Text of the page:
Cherelle Parker won the Democrat primary for the Philadelphia mayoral race on May 16, paving the way for her to be elected as the city’s 100th mayor in November’s general election.
Parker, a former state representative and city council member, will face Republican David Oh in the Nov. 7 general election to replace Mayor Jim Kenney, a Democrat who has been in office since 2016. Oh ran unopposed.
A win for Parker in November’s election—which appears likely in a city where registered Democrats far outnumber Republicans—would make her the first woman to serve in the role in Philadelphia.
The city has not had a Republican mayor since 1952.
Parker did not make a public appearance after her victory, which her campaign said was due to a recent dental issue that required immediate medical attention.
However, she did share a statement on Twitter thanking her supporters.
“I’m so incredibly honored to have earned the Democratic nomination tonight,” Parker wrote. “It’s been a long road, and to see the tireless work of my campaign team, supporters, and family pay off is humbling.”
“I’m looking forward to November and bringing our city together as its 100th mayor,” she added.
Parker, 50, served for 10 years as a state representative for Northwest Philadelphia from 2005 to 2015 and became chair of Philadelphia’s delegation to the state Capitol in Harrisburg.
She was elected to city council in 2015 and later elected majority leader in January 2020. Parker resigned from Philadelphia City Council in September 2022 to run for mayor.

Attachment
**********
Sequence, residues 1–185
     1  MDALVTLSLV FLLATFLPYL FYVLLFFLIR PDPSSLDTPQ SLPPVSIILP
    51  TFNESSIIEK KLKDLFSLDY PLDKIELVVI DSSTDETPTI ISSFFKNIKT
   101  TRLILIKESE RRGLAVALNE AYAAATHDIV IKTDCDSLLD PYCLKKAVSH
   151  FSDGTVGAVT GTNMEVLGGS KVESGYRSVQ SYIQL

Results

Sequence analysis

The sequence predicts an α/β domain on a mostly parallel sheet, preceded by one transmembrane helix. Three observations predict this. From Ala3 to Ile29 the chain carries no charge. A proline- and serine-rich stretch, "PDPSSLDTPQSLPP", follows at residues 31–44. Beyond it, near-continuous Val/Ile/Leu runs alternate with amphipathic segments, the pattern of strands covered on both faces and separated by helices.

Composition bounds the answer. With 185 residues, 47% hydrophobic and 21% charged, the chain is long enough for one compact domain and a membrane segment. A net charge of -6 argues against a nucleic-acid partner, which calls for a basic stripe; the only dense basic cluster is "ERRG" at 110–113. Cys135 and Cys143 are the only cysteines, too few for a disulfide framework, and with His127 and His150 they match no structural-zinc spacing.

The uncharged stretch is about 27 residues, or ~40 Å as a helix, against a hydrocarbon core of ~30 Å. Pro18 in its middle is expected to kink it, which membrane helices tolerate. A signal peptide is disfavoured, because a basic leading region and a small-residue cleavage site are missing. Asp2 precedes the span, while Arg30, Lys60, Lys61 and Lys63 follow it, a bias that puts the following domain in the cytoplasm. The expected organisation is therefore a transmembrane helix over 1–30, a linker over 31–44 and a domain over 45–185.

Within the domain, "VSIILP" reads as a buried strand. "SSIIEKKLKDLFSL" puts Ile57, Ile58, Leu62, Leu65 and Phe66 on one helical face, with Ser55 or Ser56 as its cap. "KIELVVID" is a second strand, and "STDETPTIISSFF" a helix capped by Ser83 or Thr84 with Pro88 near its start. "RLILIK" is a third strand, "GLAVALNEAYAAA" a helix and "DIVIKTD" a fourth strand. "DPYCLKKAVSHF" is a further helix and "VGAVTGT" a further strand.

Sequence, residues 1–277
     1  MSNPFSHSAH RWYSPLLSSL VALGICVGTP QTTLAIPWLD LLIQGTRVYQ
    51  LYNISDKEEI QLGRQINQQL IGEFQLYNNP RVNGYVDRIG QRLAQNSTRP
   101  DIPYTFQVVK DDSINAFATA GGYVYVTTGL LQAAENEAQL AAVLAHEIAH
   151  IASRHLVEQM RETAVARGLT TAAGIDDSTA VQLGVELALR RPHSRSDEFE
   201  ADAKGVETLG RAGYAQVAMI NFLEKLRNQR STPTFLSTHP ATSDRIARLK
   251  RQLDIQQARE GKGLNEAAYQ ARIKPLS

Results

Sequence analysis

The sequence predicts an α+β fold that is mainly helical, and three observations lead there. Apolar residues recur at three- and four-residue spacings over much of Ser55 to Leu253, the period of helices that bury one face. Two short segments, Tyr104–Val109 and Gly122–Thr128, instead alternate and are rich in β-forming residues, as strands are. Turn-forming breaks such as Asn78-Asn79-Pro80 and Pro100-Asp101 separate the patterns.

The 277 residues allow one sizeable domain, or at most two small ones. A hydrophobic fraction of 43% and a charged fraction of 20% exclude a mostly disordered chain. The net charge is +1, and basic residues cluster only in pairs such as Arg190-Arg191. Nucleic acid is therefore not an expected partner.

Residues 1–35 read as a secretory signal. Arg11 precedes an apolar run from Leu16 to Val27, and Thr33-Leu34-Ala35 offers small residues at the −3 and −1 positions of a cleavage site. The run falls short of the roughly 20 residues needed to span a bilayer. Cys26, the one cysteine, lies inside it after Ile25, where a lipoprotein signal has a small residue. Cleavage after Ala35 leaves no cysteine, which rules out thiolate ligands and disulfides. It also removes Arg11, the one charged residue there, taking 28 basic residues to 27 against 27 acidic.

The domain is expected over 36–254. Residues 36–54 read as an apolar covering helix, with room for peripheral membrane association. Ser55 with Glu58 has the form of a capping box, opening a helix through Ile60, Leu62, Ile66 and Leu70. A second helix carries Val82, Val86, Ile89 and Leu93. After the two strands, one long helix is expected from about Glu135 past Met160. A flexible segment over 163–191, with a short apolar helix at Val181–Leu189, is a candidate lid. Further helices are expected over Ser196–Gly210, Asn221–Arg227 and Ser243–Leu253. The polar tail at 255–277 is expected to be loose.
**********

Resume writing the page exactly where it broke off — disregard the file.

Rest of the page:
Her campaign focused heavily on safety, education, “cleaning and greening” the streets of Philadelphia, and bolstering economic opportunities.
She pledged to hire 300 additional foot and bike patrol officers to the streets of every neighborhood in the city, “without any tolerance for misuse or abuse of their power,” and to rehire retired police officers.
She also pushed for schools to stay open year-round with extended hours for before and after-school enrichment, and advocated raising the minimum wage to $17.53/hour, tied to the rate of inflation, amid soaring costs of living.
Additionally, Parker vowed to support small businesses and entrepreneurs with free business training.
Parker received endorsements from a string of political figures including U.S. Rep. Dwight Evans (D-Pa.) and Democrat state Sens. Vincent Hughes, Sharif Street, and Art Haywood, as well as an array of labor unions and advocacy organizations.
Kenney said he voted for Parker in the primary.
Parker’s win was a blow to progressives who rallied around candidate Helen Gym, a former teacher, community organizer, city council member, and one of Parker’s closest competitors.
Gym, who was endorsed by progressive federal lawmakers such as Sen. Bernie Sanders (I-Vt.) and Rep. Alexandria Ocasio-Cortez (D-N.Y.), said in a statement on the day of the primary that the race for mayor was “never about one leader” but “about our values, our vision, and our belief in one another.”
Parker also fended off competition from candidates Allan Domb, who also previously served on the city council; Rebecca Rhynhart, the former city controller; and businessman Jeff Brown.
Domb congratulated Parker in a statement on Twitter and said he was “excited to help elect Cherelle as Philadelphia’s 100th and first woman mayor.”
Rhynhart said she was “really proud of the campaign and the way we all came together here to fight for a better Philadelphia,” the Philadelphia Inquirer reported.
The Associated Press contributed to this report.